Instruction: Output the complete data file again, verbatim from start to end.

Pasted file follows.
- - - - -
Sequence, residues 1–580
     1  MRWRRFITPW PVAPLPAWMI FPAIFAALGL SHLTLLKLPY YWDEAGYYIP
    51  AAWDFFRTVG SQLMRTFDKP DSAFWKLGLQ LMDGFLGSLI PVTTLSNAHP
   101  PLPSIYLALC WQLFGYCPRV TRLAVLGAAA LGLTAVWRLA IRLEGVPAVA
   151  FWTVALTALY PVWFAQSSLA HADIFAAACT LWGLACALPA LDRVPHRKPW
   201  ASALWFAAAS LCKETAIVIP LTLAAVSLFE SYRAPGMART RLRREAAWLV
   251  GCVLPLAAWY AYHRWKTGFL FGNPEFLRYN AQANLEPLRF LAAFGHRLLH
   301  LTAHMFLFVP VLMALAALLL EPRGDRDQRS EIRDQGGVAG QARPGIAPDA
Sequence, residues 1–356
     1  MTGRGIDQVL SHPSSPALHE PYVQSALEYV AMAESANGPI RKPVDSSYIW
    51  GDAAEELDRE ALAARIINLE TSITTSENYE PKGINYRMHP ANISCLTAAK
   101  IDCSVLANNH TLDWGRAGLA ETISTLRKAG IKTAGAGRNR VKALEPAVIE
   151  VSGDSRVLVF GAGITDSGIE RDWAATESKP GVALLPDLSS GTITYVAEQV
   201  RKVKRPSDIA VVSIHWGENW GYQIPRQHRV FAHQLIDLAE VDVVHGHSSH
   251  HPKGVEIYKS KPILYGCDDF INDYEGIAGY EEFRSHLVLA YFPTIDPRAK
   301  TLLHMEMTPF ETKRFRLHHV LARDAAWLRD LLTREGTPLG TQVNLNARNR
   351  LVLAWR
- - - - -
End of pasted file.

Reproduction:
Sequence, residues 1–580
     1  MRWRRFITPW PVAPLPAWMI FPAIFAALGL SHLTLLKLPY YWDEAGYYIP
    51  AAWDFFRTVG SQLMRTFDKP DSAFWKLGLQ LMDGFLGSLI PVTTLSNAHP
   101  PLPSIYLALC WQLFGYCPRV TRLAVLGAAA LGLTAVWRLA IRLEGVPAVA
   151  FWTVALTALY PVWFAQSSLA HADIFAAACT LWGLACALPA LDRVPHRKPW
   201  ASALWFAAAS LCKETAIVIP LTLAAVSLFE SYRAPGMART RLRREAAWLV
   251  GCVLPLAAWY AYHRWKTGFL FGNPEFLRYN AQANLEPLRF LAAFGHRLLH
   301  LTAHMFLFVP VLMALAALLL EPRGDRDQRS EIRDQGGVAG QARPGIAPDA
Sequence, residues 1–356
     1  MTGRGIDQVL SHPSSPALHE PYVQSALEYV AMAESANGPI RKPVDSSYIW
    51  GDAAEELDRE ALAARIINLE TSITTSENYE PKGINYRMHP ANISCLTAAK
   101  IDCSVLANNH TLDWGRAGLA ETISTLRKAG IKTAGAGRNR VKALEPAVIE
   151  VSGDSRVLVF GAGITDSGIE RDWAATESKP GVALLPDLSS GTITYVAEQV
   201  RKVKRPSDIA VVSIHWGENW GYQIPRQHRV FAHQLIDLAE VDVVHGHSSH
   251  HPKGVEIYKS KPILYGCDDF INDYEGIAGY EEFRSHLVLA YFPTIDPRAK
   301  TLLHMEMTPF ETKRFRLHHV LARDAAWLRD LLTREGTPLG TQVNLNARNR
   351  LVLAWR